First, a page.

It's not just obesity anymore...
The use of the Body Mass Index (BMI = Kg/m²) as a parameter to determine whether a person is eutrophic (18.5 to 24.99 kg/m²), with overweight (25 to 29.99) or obese (above 30 kg/m²) has long been discussed (WHO). Although it is a cheap and easy to apply procedure, it has its limitations, as all the methods.
BMI does not measure the types of body tissue, for example. And the result does not bring the amount of muscle, fat and bones of an individual, so it is not indicated its isolated use, mainly for athletes. And for the healthy community, it is also interesting that other forms of nutritional and anthropometric evaluation are used.
However, a study recently published in the Journal Frontier for Public Health suggests changing the focus on the individuals' body weight to the body's fat amount, since it is believed that even the person is considered eutrophic by the BMI (and/or lean according to the standards imposed by the society), if your amount of body fat is excessive you will have similar risks to those associated with an obese individual.
It is recommended that the waist circumference is not greater than half the height.
The possible adverse consequences triggered by excess body fat (BFP - Body Fat Proportion) would be: increased glycemia and triglycerides, low HDL cholesterol and high LDL; Increased blood pressure, increased chance of developing metabolic syndrome, along with type 2 diabetes, cardiovascular diseases and other chronic diseases, thus raising mortality.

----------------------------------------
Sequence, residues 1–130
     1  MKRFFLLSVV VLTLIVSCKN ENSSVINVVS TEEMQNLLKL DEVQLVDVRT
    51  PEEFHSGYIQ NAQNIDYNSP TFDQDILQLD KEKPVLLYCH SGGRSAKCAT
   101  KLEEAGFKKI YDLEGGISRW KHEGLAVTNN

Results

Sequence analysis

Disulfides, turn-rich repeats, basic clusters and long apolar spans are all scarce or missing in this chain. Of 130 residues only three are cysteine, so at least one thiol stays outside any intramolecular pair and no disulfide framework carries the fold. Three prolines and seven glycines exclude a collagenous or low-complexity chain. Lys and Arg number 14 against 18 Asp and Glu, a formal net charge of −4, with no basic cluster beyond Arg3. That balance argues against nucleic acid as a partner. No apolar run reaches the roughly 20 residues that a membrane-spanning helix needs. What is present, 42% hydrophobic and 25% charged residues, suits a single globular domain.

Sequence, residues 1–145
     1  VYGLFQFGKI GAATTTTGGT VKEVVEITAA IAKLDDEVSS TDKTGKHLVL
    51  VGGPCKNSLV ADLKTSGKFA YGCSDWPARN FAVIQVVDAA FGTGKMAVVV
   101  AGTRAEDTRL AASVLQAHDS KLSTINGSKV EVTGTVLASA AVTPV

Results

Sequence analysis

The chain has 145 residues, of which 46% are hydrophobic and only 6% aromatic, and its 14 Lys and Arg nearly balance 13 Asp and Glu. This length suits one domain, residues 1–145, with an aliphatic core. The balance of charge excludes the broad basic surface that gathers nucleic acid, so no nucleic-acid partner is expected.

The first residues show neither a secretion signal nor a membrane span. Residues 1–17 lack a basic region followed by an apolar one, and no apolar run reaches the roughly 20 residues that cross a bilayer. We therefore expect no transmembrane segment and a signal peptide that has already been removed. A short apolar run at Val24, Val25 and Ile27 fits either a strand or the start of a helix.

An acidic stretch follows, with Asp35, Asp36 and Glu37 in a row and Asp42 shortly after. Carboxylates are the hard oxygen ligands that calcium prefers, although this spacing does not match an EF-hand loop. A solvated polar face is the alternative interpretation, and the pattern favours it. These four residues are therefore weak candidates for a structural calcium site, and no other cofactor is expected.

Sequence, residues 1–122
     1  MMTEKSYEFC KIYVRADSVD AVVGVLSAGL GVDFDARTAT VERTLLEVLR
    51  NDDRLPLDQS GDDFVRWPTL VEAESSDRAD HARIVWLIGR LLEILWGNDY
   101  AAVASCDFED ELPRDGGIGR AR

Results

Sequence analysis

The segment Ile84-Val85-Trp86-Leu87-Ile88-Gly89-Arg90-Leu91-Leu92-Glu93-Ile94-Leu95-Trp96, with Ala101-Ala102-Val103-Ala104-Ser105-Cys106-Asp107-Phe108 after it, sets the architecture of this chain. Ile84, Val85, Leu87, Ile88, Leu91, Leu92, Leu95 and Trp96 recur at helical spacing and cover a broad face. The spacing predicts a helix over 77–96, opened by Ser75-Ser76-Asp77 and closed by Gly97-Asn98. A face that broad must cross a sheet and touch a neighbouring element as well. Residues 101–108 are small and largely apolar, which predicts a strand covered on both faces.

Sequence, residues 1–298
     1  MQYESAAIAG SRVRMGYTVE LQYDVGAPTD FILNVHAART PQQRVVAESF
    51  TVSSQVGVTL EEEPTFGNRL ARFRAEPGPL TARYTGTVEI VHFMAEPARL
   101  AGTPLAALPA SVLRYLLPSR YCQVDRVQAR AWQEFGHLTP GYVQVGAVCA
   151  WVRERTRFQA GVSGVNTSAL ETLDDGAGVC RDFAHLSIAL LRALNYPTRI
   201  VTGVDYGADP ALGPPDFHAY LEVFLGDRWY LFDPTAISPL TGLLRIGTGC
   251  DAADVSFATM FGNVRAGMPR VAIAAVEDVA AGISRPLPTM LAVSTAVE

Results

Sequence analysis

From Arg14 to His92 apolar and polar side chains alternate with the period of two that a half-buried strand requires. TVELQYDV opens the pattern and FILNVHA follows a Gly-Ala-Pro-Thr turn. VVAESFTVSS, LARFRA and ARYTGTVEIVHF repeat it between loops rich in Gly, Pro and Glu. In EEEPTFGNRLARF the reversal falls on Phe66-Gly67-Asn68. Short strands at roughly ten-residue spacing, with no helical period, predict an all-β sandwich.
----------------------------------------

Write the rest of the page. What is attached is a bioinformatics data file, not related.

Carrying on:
- The results of this research indicate that there are many more people with excess fat than with overweight and obesity;
- In some countries, such as the USA, Iceland, Greece and New Zealand, the number of male adults with excess of body fat reaches 90% and among the child population, 50%;
- Although the rate of obese individuals shows a tendency to become static in the US, for example, the proportion of individuals with excess fat tends to grow.
Research such as this is important for the creation of new public policies aiming the treatment and prevention of these individuals, preferably in an intersectoral way, involving health, education, security, etc.
It allows us to reflect also that modernity offers us a very sedentary life. There is little incentive to practice sports or other modalities, depending on where we live: either it is expensive, or poor in quality, the environment is not suitable, insecure, or people have no education...
Finally, sometimes other issues need to be taken care of before feeding and practicing physical activity properly, and we need to look at individuals in their singularities for action to be effective.
Maffetone, PB; Rivera-Dominguez, I; Laursen, PB. Overfat Adults and Children in Developed Countries: The Public Health Importance of Identifying Excess Body Fat. Front. Public Health, 24 July 2017 | https://doi.org/10.3389/fpubh.2017.00190